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Over 20 people hospitalized over the weekend in Bridgeport, Connecticut for carbon monoxide poisoning. How to keep your home safe.

On the heels of over a dozen Miami condo residents being taken to the hospital for carbon monoxide injuries after a gas leak in the building, residents in Bridgeport, Connecticut suffered through a similar ordeal. 

Firefighters and other emergency personnel were called out to the building housing several families and other individuals just around 3 a.m. Saturday after one of the building’s tenants called 911 explaining that they felt sick, according to local reporting. A recent bus fire nearby had cut off power to the building for days and firefighters told local news outlets that they found a generator running in the building’s basement, causing the gas to build up. These appliances are never to be used in enclosed spaces as they release carbon monoxide into the air. 

There were no carbon monoxide detectors in the building at the time, meaning that the outcome for the families and tenants living there could easily have been very different had that first person feeling ill not called for emergency services, Bridgeport Fire Inspector Robert Lopez told reporters. 

Leesfield & Partners

About 5 million people visit the historic Florida Keys every year for its natural beauty, beaches and marine life. None of those 5 million people expect a tragic accident to take place while they’re there, but a look back at Leesfield & Partners’ past case results will show you that the incidents are not entirely uncommon. 

For one Iowa family staying at a hotel in the Florida Keys, a nightmare unfolded as they slept soundly in their room. What they didn’t know was that a damaged boiler room roof vent was leaking carbon monoxide gas, a practically undetectable gas that can be fatal if breathed in in large amounts, into their room. Luckily for the family, who later sought the representation of Leesfield & Partners in a lawsuit against the hotel, they were able to wake up and call for emergency services. Despite the incident with the family, the hotel still rented out the room to other guests, this time a father and son who were also rushed to the hospital after the gas continued to leak into their room.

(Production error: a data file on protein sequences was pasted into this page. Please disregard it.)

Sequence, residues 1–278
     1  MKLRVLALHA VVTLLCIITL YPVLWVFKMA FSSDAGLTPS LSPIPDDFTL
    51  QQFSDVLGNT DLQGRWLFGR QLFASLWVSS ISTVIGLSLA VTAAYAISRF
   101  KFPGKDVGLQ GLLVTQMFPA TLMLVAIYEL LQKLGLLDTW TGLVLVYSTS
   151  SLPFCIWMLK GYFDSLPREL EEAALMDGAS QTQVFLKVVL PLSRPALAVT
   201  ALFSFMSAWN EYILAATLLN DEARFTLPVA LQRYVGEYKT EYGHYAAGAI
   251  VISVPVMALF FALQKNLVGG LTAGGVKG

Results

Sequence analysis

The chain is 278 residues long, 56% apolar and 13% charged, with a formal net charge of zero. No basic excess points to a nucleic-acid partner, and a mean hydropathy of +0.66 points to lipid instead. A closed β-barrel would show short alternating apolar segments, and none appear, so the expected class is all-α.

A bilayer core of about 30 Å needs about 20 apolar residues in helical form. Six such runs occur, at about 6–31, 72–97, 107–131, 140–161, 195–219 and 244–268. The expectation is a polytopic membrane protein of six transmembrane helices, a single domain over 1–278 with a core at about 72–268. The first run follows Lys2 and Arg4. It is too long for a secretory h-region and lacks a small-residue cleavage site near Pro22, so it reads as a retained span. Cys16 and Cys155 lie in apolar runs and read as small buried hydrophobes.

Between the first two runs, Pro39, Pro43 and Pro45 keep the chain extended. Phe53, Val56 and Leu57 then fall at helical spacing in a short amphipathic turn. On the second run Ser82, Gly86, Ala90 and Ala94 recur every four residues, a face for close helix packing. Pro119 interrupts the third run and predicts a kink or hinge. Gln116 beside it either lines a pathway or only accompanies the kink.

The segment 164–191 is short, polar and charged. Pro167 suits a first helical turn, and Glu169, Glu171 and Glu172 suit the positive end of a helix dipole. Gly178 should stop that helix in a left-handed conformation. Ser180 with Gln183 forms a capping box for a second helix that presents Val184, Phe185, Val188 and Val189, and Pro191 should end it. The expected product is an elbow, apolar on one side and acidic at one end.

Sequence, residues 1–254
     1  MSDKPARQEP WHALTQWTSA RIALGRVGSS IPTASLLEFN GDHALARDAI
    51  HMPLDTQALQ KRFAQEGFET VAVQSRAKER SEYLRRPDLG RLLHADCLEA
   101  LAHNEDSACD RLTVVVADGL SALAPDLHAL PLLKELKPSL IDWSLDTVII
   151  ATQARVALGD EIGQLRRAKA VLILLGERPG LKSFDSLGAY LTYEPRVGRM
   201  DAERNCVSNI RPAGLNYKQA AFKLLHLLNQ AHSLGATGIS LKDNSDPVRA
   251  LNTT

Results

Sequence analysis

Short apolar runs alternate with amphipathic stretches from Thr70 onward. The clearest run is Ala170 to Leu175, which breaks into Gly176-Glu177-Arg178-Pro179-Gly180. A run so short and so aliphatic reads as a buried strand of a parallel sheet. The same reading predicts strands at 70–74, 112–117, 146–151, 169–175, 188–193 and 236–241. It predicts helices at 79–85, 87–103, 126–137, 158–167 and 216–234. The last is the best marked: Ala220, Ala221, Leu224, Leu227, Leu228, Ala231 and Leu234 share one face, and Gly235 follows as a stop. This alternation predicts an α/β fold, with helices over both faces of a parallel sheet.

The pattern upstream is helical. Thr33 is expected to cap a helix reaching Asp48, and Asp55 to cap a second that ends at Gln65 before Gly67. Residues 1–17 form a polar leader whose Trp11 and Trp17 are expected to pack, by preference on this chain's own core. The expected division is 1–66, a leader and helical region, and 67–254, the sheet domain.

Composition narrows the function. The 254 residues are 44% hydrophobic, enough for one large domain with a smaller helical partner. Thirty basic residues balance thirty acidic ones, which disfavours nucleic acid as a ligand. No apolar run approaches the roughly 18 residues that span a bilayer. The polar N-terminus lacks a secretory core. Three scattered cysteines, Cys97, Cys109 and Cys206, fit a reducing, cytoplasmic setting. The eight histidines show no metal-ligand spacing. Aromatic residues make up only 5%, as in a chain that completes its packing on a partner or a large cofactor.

Attorneys were able to show that the hotel failed to address the damage to the vent caused by Hurricane Wilma by not bringing in a licensed technician who could have repaired it. This case caught the attention of national news outlets such as The New York Times and The Washington Post. Senate Bill 1822 was inspired in part because of this instance and other cases of injuries due to carbon monoxide poisoning in the state. Leesfield & Partners Founder and Managing Partner Ira Leesfield fought for the passage of the bill, putting the firm on the map as one of the leading carbon monoxide personal injury law firms in the country with numerous other cases to show for it. The bill  was eventually passed in 2007 and now outlines requirements for carbon monoxide detectors and other regulations pertaining to public lodgings. 

In May, Ira Leesfield and Trial Lawyer Evan Robinson published an article in Trial Magazine discussing the dangers of carbon monoxide and how to build a claim for court.

“Carbon monoxide poisoning isn’t just a subtle threat; it’s the second most common cause of non-medicinal poisoning death,” the attorneys said in the article. 

Numbers from the Center for Disease Control show that over 400 people die annually involving carbon monoxide poisoning. In 2022, the death toll had reached 1,244. About 624 of the deaths for that year were accidental while 511 of those deaths involved carbon monoxide but the gas was not listed as the official cause of death.

Safety Tips

  • Install a carbon monoxide detector on every floor of your home. 
  • Appliances such as dryers, water heaters, and gas stoves should be inspected by a professional annually. 
    • Some of the things to check for include: ensuring the appliances are properly vented and are free from rust or corrosion. 
  • In South Florida, where hurricanes have been known to leave entire blocks without power for weeks on end, homeowners should make sure not to use their portable generators in enclosed spaces like a garage. All portable generators should be used in well-ventilated areas and be kept away from doors, windows and vents. 
  • Keep air ducts and ventilators clean and unobstructed to maintain proper ventilation.
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